For those who are unfamiliar with the ins and outs of 501 c(3) non-profit organizations, the terms, public charity and private foundation might seem like the same thing. However, upon close examination, there are several differences between the two that are worth knowing about.
The IRS defines a public charity using the following criteria:
- Churches, hospitals, qualified medical research organizations affiliated with hospitals, schools, colleges, and universities.
- Have an active program of fundraising and receive contributions from many sources, including the general public, governmental agencies, corporations, private foundations or other public charities.
- Receive income from the conduct of activities in furtherance of the organization’s exempt purposes.
- Actively function in a supporting relationship to one or more existing public charities.
Public charities are notable in that the donations they receive are fully tax exempt. For public charities, donations typically serve as the primary source of capital, but they may receive funding in other areas as mentioned above. As the name suggests, public charities also interact with and give back to the general public more frequently than private foundations.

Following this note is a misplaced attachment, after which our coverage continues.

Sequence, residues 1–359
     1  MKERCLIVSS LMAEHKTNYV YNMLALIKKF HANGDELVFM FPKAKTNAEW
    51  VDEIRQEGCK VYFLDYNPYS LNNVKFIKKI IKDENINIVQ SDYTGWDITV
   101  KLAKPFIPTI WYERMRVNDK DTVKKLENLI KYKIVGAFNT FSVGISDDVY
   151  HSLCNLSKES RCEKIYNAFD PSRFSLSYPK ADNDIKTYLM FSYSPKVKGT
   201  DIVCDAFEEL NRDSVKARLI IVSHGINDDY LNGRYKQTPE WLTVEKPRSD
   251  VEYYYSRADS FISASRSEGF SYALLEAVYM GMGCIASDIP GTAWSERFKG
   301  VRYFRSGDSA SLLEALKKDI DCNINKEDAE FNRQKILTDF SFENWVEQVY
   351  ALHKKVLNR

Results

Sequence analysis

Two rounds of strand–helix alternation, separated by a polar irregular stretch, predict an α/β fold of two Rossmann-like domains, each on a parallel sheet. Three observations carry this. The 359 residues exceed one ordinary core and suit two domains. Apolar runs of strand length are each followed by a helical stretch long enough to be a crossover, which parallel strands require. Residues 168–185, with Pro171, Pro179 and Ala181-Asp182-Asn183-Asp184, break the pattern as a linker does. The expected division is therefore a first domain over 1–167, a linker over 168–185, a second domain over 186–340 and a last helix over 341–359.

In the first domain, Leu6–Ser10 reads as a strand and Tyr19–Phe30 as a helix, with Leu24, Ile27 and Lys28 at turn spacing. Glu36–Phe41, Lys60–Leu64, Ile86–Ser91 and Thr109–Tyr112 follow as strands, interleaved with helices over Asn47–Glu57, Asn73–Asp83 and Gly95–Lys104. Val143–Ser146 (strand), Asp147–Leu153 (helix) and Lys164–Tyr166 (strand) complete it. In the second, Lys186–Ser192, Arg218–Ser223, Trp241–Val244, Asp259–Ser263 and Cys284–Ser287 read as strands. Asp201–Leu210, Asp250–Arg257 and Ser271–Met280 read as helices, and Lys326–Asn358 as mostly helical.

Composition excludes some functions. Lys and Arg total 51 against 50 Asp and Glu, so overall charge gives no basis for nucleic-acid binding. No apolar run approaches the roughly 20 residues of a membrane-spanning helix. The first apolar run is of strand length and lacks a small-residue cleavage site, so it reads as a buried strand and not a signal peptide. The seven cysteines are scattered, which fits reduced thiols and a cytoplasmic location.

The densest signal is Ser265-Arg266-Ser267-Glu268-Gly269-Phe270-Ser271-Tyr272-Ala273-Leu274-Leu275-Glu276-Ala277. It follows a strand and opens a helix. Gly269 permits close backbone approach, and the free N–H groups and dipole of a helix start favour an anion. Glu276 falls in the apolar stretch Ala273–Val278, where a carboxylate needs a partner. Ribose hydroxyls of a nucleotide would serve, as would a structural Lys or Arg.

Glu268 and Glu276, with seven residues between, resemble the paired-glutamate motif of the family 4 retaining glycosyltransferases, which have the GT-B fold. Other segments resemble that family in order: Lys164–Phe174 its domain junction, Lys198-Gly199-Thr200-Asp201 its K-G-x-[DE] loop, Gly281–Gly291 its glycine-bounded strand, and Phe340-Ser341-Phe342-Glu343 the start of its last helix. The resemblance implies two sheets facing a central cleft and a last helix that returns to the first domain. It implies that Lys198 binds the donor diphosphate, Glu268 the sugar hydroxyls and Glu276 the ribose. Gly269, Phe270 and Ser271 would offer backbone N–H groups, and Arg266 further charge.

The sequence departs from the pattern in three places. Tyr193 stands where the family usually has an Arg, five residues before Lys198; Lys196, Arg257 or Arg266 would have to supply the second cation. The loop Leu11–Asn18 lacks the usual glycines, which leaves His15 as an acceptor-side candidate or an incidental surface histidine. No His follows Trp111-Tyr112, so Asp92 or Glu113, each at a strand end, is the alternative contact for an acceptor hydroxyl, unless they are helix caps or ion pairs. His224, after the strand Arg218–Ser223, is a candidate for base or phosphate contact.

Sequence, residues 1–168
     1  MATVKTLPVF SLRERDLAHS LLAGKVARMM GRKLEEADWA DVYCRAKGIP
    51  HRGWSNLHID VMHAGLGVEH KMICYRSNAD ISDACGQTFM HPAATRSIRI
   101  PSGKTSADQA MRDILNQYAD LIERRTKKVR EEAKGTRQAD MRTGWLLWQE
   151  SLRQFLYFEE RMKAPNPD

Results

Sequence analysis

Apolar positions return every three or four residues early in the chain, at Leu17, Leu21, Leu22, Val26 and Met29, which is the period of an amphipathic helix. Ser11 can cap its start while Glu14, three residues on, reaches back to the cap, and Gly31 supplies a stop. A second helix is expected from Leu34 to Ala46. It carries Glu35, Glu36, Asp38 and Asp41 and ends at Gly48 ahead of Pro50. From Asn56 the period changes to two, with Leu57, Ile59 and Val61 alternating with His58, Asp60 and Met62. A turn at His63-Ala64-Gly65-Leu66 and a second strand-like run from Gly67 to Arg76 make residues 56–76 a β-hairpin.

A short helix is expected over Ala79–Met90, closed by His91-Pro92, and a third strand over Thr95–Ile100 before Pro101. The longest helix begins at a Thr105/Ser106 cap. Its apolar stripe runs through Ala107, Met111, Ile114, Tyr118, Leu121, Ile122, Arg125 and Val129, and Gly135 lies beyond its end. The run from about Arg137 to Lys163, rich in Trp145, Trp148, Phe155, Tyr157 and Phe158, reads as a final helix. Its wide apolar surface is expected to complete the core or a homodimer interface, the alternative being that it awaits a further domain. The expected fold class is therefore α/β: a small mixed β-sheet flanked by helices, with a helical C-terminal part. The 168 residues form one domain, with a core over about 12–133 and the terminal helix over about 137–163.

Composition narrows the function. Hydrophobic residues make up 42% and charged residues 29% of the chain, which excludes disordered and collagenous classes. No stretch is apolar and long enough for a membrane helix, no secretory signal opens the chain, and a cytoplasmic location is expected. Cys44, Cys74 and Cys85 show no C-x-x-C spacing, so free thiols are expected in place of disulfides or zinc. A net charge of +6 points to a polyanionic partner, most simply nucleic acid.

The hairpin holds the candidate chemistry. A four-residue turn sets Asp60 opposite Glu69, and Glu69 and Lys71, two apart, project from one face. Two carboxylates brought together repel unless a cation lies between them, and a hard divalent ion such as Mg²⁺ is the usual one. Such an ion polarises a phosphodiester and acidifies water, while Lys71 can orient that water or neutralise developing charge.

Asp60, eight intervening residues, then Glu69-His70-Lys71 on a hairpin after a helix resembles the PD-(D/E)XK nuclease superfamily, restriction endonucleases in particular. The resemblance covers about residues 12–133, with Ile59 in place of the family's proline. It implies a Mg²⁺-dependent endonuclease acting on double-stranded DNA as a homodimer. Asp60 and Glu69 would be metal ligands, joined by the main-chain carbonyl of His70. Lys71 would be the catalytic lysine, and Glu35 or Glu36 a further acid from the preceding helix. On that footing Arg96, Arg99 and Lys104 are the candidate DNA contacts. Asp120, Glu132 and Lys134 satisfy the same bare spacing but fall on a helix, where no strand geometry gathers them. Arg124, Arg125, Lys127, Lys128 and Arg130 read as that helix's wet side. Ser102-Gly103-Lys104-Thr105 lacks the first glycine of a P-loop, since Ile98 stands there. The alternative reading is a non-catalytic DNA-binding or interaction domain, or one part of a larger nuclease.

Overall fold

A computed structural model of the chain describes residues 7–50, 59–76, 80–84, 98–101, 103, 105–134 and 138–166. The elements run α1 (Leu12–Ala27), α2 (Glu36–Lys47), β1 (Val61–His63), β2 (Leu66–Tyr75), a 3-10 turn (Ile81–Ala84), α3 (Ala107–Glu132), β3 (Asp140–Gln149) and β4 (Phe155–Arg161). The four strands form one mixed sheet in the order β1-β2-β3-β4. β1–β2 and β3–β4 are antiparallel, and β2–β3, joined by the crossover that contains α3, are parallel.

A private foundation is different in that it typically has a single major source of funding, typically gifts from a single family or corporation. While private foundation contributions are tax-deductible, they usually do not accept donations. Per the IRS private foundations, are subject to excise taxes and penalties for self-dealing, making risky investments, and for failing to distribute adequate funds to charitable endeavors.
There are two common types of private foundations — a private nonoperating foundation and private operating foundation. The main difference between the two is that the former distributes its incomes to other foundations, while the latter distributes its income to its own charitable programs.
It is also worth noting that the term “foundation” is mistakenly understood as a legally-binding term, when it is, in fact, simply a conventional term.
Converting a public charity into a private foundation (or vice versa) can provide ample benefits depending on the goals of our 501c(3) organization, including better alignment with achieving your mission as a non-profit.